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Scagliarini Cavatappi


Front View Rear View
Front View Rear View
Side View Rigged for Descent
Side View Rigged for Descent

Technical Details

I acquired my Scagliarini Cavatappi from Sergio Matteoli in 2022.

My Cavatappi is 123 mm. tall, 51 mm. wide, 50 mm. thick, and weighs 151 g.

My Cavatappi was made from three pieces of 7 mm steel rod bent. One rod was bent into a, oval link with a 15 by 41 mm. opening, the second into a 115 by 41 mm. "L" shape, and the third into a flattened helix with an oval 16 by 26 mm. axial opening. The three pieces were then welded together and then plated.

There are no permanent markings on the Cavatappi.


In the summer of 2021, Roberto Tronconi posted two photos on Facebook of “L'OGGETTO MISTERIOSO” (the Mysterious Object) from the 1970s, and his post was shared to the Speleo Vintage group. Group members quickly identified it as the Cavatappi (Corkscrew) designed by Ettore Scagliarini of Bologna, Italy. In the comments to Roberto’s posts, Sergio Matteoli mentioned that he had several of these. I wrote to Sergio, and he graciously sent this one to me.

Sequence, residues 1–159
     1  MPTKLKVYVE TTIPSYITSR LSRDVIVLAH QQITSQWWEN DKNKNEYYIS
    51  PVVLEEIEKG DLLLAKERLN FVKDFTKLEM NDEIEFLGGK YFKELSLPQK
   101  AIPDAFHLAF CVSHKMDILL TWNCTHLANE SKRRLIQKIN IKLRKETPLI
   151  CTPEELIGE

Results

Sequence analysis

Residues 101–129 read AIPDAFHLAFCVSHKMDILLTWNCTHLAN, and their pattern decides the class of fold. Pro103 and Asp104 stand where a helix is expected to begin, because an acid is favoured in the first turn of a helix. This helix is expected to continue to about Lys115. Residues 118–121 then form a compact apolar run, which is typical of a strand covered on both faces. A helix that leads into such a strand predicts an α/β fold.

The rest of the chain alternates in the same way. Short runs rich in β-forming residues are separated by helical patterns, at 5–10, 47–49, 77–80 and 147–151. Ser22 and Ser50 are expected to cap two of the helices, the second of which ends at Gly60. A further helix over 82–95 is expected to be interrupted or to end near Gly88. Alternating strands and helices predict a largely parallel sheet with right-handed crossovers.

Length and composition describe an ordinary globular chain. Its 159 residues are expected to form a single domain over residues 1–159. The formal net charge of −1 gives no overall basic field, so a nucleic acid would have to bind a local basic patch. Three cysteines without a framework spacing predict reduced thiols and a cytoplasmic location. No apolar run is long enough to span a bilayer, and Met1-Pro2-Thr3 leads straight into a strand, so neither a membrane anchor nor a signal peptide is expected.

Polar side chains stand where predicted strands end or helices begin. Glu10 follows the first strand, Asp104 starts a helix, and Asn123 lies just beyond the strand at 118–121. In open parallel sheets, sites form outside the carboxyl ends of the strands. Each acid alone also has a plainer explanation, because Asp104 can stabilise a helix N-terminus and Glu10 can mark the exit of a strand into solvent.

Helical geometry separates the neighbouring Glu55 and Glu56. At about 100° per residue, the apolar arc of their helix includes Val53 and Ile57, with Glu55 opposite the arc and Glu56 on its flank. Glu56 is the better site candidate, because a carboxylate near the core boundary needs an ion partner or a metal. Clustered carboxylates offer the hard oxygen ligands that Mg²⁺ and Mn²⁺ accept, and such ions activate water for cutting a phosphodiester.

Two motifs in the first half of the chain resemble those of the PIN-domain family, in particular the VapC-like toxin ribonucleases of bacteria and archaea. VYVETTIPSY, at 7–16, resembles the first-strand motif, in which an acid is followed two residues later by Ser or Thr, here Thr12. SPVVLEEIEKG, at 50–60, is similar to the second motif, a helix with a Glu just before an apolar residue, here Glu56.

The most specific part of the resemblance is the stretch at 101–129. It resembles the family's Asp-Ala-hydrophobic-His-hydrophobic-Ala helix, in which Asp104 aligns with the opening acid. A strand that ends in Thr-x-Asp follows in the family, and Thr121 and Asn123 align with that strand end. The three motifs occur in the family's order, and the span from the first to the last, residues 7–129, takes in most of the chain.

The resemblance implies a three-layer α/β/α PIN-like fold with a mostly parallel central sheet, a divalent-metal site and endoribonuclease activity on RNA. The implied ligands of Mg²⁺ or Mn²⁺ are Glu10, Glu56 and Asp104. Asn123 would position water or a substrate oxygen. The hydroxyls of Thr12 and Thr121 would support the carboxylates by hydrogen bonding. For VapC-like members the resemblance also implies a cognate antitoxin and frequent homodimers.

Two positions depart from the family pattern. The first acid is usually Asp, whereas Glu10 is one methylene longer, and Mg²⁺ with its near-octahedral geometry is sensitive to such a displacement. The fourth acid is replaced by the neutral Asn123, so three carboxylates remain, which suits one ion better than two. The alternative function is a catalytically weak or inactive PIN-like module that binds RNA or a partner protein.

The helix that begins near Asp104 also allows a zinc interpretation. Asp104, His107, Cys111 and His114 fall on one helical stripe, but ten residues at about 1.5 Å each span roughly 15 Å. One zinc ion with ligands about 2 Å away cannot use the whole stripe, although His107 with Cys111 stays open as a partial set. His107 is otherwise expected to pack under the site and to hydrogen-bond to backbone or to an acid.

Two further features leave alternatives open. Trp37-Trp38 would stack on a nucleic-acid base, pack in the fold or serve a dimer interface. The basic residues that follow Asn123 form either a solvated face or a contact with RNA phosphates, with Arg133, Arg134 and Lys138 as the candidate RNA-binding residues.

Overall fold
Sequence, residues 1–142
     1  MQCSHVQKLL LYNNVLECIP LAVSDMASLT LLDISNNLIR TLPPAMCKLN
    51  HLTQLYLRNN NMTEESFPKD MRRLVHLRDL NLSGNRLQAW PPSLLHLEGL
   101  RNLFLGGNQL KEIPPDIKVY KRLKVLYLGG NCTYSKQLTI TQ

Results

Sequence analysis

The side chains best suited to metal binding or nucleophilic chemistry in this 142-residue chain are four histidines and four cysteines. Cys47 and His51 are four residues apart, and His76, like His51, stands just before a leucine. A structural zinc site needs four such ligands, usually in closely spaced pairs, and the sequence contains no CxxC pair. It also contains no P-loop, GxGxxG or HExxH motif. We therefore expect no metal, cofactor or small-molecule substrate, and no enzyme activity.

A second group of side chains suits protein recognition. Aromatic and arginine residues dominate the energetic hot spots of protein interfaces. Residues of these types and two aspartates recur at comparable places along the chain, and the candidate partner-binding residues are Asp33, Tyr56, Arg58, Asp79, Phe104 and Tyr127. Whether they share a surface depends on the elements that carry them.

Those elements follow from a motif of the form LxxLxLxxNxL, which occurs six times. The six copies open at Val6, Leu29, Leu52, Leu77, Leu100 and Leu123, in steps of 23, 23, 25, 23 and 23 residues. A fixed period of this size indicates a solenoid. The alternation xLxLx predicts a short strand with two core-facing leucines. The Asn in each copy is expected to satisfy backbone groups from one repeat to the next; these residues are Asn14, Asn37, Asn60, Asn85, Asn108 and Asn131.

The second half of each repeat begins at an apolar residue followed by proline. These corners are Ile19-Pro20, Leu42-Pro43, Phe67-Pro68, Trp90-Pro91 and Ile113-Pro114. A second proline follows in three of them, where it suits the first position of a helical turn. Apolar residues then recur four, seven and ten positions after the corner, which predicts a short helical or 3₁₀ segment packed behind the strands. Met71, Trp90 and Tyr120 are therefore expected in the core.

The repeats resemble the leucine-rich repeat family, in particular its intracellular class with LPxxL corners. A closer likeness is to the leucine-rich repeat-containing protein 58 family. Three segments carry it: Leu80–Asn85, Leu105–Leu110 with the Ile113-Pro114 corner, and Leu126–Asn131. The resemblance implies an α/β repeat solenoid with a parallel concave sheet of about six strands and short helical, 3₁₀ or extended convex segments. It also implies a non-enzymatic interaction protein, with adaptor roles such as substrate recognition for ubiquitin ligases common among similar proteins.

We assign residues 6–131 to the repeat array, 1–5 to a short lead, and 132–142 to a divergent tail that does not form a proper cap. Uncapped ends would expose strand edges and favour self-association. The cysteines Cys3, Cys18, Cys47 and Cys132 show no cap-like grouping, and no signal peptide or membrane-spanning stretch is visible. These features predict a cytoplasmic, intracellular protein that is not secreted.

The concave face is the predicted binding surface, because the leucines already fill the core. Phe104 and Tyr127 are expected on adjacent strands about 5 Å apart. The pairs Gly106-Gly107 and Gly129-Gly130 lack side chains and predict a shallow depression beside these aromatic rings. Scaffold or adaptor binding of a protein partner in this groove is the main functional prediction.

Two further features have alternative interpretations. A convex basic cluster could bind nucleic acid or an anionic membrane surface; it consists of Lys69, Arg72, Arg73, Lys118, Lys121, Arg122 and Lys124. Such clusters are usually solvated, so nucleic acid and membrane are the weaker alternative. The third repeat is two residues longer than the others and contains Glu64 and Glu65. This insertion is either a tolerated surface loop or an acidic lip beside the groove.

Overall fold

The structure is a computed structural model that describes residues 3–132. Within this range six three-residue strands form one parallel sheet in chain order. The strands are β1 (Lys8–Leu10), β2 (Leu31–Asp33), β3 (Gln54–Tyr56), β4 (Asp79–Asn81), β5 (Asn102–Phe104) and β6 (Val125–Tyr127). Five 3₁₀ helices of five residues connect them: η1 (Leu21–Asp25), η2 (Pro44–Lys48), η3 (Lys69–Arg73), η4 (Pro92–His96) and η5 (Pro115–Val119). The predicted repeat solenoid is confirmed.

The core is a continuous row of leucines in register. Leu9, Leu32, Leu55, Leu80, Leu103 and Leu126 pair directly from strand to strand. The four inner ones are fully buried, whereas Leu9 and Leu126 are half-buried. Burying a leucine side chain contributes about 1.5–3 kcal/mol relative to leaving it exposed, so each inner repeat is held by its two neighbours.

I found more information about the Cavatappi on the Gruppo Speleologico di Bologna website (posted April 23, 2020). Roughly translated, it says the following:


Latest invention. Instead of using the pulley system, I used the logic of winding and unwinding the rope which, entering a ring of suitable dimensions, was inserted into a spiral of treated steel rod into which it was inserted into a carabiner hooking to the harness. Neither the rope nor the carabiner could accidentally come out.

The weight and size were very modest, the cost was adequate and the Kr equal to or higher than that of the rope used. For some time it was the descender most used by many speleos. A few years ago we did some thermal tests on the heating of various types of descenders and it turned out to be the one that warmed the nylon the least.

The reason? The principle of operation was not exclusively related to the friction surface.

The Cavatappi that Sergio sent me was made by welding three pieces together, while the Cavatappis in Roberto’s post were made from a single continuous rod bent and welded, so there are variations on the design.

My Cavatappi is heavily worn, despite being steel, and the rope path is obvious from the wear marks if nothing else. The corkscrew can be attached to the seat carabiner without opening the ‘biner, and the rope can be rigged without removing the Cavatappi.

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